Revisiting The 50/20/30 Budgeting Rule


There are dozens of choices when it comes to budget plans. If you’re still looking, or are completely new to the concept of budgeting, let me re-introduce you to an age-old budgeting guideline: the 50/20/30 rule. Even though it’s a classic, it bears a fresh look, especially through the lens of the modern American’s financial outlook.

Three Categories and What They Contain

The 50/20/30 rule splits up take-home pay into three large spending categories — fixed costs, financial goals, and flexible spending. Here’s a list of what each contains.

  • Fixed Costs (50%) – These are the expenses most vital to your survival, which don’t vary from month to month: mortgage, rent, vehicle payment and utilities. Some versions also include non-essential monthly subscriptions, since they require a monthly commitment and the amount doesn’t vary unless you choose to discontinue them.
  • Financial Goals (20%) – This category includes any monthly payments and contributions toward improved financial health: 401K and other retirement accounts (from post-taxed income), extra payments on credit card debt or student loans, building an emergency fund, and savings goals such as a down payment for a home or funding an education.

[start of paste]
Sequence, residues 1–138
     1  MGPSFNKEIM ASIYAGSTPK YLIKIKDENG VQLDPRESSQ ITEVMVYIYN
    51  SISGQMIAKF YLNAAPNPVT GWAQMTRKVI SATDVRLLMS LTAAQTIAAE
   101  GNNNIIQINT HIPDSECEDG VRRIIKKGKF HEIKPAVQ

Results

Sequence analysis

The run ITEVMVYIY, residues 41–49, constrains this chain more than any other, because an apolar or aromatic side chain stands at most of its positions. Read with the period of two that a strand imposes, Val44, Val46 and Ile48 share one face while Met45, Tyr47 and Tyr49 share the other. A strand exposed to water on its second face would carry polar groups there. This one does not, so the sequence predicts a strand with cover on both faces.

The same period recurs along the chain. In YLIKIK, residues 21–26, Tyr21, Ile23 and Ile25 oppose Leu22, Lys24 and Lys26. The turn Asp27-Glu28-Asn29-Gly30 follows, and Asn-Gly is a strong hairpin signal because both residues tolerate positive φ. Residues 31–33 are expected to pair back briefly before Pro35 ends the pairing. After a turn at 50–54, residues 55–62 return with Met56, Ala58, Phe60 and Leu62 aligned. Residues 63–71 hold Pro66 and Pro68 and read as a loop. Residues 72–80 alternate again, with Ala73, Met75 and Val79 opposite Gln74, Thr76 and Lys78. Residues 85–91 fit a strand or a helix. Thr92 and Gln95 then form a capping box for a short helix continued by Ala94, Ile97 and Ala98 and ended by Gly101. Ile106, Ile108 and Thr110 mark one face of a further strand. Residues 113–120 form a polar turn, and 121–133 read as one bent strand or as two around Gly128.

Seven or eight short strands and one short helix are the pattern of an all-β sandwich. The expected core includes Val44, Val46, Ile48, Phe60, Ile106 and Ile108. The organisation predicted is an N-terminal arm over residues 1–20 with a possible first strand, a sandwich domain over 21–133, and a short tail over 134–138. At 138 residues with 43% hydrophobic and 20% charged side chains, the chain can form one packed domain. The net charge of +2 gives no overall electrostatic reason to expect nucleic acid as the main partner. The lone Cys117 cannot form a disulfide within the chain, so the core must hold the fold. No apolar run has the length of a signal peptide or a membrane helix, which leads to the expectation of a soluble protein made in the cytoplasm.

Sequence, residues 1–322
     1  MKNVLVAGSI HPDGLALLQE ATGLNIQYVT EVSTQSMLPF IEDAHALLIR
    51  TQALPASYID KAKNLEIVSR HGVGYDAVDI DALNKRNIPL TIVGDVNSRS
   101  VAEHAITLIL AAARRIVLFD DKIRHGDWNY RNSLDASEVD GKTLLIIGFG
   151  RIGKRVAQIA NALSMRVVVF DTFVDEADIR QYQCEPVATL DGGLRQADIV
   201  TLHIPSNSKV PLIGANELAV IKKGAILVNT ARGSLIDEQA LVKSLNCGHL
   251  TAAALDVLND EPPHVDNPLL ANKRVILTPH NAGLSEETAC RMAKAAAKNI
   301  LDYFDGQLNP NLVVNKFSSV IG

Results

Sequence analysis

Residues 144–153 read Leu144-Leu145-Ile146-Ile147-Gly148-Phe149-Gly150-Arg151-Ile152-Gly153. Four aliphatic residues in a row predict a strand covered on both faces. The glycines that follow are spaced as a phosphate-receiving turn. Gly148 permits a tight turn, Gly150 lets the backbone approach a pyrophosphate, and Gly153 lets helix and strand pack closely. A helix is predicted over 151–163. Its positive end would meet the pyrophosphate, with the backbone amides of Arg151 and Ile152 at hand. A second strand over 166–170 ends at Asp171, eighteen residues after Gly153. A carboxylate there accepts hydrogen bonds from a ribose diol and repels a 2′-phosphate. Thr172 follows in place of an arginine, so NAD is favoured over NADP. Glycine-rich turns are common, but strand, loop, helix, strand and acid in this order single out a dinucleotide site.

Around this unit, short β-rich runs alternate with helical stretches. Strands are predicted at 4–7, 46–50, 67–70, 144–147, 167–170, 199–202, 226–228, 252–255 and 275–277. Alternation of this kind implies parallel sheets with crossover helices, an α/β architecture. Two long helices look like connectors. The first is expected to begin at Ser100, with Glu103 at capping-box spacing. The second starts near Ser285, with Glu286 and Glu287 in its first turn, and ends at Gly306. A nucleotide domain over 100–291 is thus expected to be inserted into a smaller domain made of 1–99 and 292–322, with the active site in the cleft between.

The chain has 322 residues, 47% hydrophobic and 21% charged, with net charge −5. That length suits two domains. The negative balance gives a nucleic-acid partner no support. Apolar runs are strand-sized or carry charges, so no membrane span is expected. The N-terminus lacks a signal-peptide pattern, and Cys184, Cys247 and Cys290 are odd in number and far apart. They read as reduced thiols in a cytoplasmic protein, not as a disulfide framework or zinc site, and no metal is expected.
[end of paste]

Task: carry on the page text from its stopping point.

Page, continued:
• Flexible Spending (30%) – This category includes expenses that vary from month to month: groceries, gas, eating out, shopping, hobbies and entertainment.

Some Pros, Some Cons

One of the best traits of the 50/20/30 guideline is its simplicity. There aren’t dozens of categories to micromanage, but it will still get the job done. This is a great starting point for everyone, especially if you’ve never stopped to look at the bigger picture of your spending balance.

Nonetheless, the plan may not work for everyone. Keeping fixed costs under 50% and saving 20% might be unreachable to many people in their present circumstances. On the other hand, some advisors think the plan should be more like 50/30/20 – saving more and leaving less for flexible spending. For that matter, choosing a more minimalist approach to living (smaller house, older cars) can reduce fixed costs well below 50%, especially among those with higher-than-average incomes. However you choose to view it, the 50/20/30 rule is best described not as a strict budget, but a helpful guideline. 

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